China has lifted millions out of poverty, why shouldn’t its authorities win a Nobel Prize? This is the question put by prize-winning economist Dambisa Moyo to her audience during a talk delivered at Sciences Po last week on “Global Shifts in Economics, Politics and Business: what’s it going to take to be successful in our future world?”. I paraphrase, but the sentiment is real.
According to Moyo, we are experiencing three main economic trends: scepticism about globalisation, increased protectionism, and the increasing role of the state—all of which are interlinked. But she reminds us that trends adopted by opinion makers often become the consensus very quickly, perhaps too quickly, such as #democracyisgood #aidisgreat #freemarketsareefficient (the list goes on). These trends can be quickly undermined by events that go against the norm, sometimes known as ‘black swan’ events. Moyo analyses these trends, but it’s up to us to keep questioning them and the status quo.
In spite of previous trends advocating the market economy approach, popularised during the Reagan-Thatcher era and since retained by the West, Moyo shows that outcomes have not been supportive to those trends. Globalisation sceptics are being given more and more ammunition as studies such as ‘Globalization and the Great U-Turn: Income Inequality Trends in 16 OECD Countries’ by Alderson and Nielsen examine the potentially negative effects of living in an increasingly open and interconnected society. Is globalisation good for us or not?
That brings Moyo to her second point: creeping protectionism has been the response to this challenge, as evidenced by recent trade agreements. Multilateral trade agreements have become increasingly difficult to negotiate. Bilateral agreements have soared in their absence. Between 1980 and 2005 free trade agreements have increased more than six-fold to more than 100 as compared to the 17 signed between 1958 and 1979. What impact will that have on the future exchange of goods and services?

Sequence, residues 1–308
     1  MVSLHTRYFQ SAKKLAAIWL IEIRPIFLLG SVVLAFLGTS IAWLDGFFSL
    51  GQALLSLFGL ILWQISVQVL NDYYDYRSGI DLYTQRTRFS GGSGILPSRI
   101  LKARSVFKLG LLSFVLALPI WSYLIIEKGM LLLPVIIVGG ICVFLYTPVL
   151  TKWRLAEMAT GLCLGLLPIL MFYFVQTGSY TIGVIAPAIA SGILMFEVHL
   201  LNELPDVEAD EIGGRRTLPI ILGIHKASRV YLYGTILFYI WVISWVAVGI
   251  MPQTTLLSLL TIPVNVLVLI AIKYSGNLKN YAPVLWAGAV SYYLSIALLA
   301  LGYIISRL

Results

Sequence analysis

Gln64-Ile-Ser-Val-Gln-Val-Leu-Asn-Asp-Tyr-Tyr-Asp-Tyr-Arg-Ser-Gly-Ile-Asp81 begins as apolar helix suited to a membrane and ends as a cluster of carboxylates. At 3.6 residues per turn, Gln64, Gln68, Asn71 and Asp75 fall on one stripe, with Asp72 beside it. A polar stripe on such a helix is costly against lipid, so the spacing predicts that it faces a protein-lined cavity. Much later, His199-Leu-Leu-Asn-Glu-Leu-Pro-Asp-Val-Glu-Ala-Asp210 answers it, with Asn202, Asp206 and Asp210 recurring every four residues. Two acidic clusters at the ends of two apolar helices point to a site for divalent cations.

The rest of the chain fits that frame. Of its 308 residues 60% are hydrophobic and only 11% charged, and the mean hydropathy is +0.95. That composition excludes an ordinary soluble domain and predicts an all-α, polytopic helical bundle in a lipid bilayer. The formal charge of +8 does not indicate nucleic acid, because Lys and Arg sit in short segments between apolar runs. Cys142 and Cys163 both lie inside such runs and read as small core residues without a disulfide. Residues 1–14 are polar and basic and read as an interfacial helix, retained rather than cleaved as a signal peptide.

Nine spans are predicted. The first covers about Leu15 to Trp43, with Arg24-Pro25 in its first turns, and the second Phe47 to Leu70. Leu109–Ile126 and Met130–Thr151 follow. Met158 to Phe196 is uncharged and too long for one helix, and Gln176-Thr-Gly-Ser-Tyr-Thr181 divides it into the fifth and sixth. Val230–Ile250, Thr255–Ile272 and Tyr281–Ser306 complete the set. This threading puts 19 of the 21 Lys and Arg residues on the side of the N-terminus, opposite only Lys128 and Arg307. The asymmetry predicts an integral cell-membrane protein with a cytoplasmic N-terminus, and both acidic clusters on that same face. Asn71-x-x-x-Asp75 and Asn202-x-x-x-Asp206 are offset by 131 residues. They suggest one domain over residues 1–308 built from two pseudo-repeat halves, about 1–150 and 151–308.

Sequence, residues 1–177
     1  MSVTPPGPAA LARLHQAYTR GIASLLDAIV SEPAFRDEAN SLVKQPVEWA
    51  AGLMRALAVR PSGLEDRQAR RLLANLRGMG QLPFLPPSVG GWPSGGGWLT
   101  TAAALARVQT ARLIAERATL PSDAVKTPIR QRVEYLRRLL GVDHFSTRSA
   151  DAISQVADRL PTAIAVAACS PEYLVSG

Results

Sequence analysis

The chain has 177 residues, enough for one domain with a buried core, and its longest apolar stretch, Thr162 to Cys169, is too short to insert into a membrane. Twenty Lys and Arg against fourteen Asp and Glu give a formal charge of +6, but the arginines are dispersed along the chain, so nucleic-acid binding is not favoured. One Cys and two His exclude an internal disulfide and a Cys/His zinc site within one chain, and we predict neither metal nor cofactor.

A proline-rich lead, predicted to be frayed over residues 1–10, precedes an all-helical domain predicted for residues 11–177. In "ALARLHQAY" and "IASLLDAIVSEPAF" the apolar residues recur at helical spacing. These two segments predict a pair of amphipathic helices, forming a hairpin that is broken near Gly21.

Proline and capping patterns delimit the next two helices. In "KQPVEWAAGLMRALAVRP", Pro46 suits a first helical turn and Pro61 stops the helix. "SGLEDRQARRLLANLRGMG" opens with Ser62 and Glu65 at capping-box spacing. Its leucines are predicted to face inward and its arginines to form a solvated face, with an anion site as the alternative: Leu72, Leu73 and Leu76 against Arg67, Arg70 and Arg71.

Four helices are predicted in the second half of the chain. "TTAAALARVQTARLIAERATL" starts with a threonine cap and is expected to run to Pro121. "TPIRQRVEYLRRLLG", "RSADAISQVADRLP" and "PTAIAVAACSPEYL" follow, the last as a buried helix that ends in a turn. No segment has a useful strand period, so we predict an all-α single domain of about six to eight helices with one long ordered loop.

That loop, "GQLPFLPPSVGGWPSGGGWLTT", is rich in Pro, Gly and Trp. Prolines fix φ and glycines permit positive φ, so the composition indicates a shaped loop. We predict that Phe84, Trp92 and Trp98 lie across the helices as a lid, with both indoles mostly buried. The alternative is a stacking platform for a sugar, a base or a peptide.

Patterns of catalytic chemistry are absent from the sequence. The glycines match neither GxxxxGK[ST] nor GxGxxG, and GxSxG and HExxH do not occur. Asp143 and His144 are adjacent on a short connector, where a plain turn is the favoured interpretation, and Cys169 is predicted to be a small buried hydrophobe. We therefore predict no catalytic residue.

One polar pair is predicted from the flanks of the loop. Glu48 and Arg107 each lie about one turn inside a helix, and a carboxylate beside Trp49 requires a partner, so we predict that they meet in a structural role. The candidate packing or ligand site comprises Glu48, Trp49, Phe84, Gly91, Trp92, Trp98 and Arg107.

Moyo illustrates the third trend, the increasing role of the state, by asking us “which do you think are the top three biggest employers globally?” [what follows feels like a silent drum roll]. In order of highest employer first, she tells us: the American government, the Chinese government, and finally Walmart. Big government is getting bigger. How much further can and should it grow?
Moyo draws our attention to recent political shifts challenging the notion that democracy is good. She believes in democracy herself, but shows it is a complex beast often undermined by the rise of illiberal democracies as well as the uncertain link with economic growth. Despite the trend that tells us democracy is a prerequisite for economic growth, Moyo says this may not be the case, giving empirical examples contrary to this trend. China’s development is a major black swan that disproves the argument that democracy is needed for economic growth, but studies including that of economist Adam Przeworski find that the level of economic growth can be a predictor of the stability of democracy. Just how important is democracy then? Not only does the evidence cause us to question the link between democracy and economic growth but it tends to be long-term process. Given the current political instability in Ukraine, and recent turmoil in Egypt, Turkey, and Brazil, Moyo reminds us that developing a stable democracy takes time.
Finally, let’s get down to business. Moyo is brief on this, but her main point is that everything happens in a shorter and faster time frame. CEOs have on average a lower tenure than before, the lifetime of a business is shorter and the duration that investors hold onto stock is also significantly shorter than before, says Moyo. How much has this changed? What impact does that have and is this good or bad?
An informative conference which highlighted the changing global picture, soon came to a close. More than the shifts presented, the three main sentiments I took away from this are that we ought to look at the facts, and as much of them as possible, we must not be afraid of what they show us and we should address them with humility and openness. That sounds like a reasonable basis for a constructive discussion.